But is there not a very mundane explanation here?
1. Stress release in the cathode as H ions is coming out would raise the temperature
2. Recombination to H2 as hydrogen ions come out of the cathode would increase the temperature
3. Possible recombination to H2O would raise the temperature (even If stainless is not a catalyst)...
An increase of the far IR band emissivity of the plates, modified by electrolysis effects somehow, could possibly explain these results. (Surface roughness, reflectivity changes, etc.)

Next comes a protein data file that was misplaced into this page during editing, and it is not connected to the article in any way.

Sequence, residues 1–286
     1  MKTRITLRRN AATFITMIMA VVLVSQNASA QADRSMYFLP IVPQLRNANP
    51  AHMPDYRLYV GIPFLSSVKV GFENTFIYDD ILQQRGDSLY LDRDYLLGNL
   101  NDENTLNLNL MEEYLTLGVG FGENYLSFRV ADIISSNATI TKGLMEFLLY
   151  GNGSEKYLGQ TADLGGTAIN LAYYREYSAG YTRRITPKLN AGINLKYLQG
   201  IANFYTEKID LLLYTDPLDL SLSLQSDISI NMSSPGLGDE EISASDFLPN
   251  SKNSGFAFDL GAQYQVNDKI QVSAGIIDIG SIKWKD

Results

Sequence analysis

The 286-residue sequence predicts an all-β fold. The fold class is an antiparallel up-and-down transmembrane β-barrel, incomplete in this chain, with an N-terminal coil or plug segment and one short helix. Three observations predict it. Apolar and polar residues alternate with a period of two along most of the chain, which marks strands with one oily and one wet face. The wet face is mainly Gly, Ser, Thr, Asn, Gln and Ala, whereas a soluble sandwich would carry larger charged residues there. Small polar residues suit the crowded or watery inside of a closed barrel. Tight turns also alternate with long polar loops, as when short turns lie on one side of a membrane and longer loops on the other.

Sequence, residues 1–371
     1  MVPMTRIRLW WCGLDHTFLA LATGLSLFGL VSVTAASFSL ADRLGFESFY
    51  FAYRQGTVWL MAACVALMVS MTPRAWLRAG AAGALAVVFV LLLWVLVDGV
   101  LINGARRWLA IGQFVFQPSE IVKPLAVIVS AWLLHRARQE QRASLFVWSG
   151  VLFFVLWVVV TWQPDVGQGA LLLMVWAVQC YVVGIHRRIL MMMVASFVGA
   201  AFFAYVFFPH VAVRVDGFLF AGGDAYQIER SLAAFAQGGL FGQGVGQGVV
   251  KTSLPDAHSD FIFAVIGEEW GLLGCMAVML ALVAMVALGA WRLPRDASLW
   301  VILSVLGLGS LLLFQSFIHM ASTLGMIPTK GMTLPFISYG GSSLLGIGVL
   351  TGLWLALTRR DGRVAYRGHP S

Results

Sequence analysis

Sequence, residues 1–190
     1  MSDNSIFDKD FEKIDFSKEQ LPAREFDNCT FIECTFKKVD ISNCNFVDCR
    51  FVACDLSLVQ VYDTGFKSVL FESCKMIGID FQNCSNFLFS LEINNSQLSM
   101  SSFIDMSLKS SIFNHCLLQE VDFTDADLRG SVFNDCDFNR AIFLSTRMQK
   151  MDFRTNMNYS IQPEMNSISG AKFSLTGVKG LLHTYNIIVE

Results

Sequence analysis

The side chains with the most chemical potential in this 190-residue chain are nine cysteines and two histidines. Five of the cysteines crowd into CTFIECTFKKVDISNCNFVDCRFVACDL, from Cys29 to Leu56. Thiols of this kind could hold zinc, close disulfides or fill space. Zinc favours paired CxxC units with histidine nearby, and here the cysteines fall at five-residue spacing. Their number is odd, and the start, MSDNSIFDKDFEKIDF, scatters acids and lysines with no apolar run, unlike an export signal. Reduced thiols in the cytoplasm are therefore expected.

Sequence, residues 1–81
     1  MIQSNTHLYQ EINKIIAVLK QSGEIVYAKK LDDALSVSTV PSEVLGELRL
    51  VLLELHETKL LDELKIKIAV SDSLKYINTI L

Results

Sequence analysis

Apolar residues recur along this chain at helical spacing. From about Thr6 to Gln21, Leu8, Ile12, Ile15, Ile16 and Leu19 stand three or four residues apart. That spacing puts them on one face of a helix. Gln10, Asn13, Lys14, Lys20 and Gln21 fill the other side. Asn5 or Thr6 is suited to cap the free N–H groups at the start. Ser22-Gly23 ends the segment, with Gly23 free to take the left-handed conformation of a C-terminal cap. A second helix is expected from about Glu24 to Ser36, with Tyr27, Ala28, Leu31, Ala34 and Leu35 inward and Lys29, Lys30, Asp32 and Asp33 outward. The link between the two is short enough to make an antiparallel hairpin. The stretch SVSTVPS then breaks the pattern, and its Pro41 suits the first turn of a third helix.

It is not mentioned whether the heat balance between IR input and radiant power from the affected plates is expected to be anomalous, or if the affected plate(s) merely become hotter than other plates while being bathed in IR. Do the IR-hotter plates also cool quicker to ambient temperature when they are raised (together with the controls/others) to a higher-than-ambient temperature by conduction and then the input heat shut off?
See pages 12-13 in the linked report for an example of extreme emissivity modification of 316 stainless in a different environment. (Total emissivity changes from about 0.17 to 0.75)
For example, If the emissivity of the plate changed to only halfway to 0.75 from 0.17 , (new emissivity of 0.46), such a plate could absorb nearly 3 times the IR energy as the control in the same band.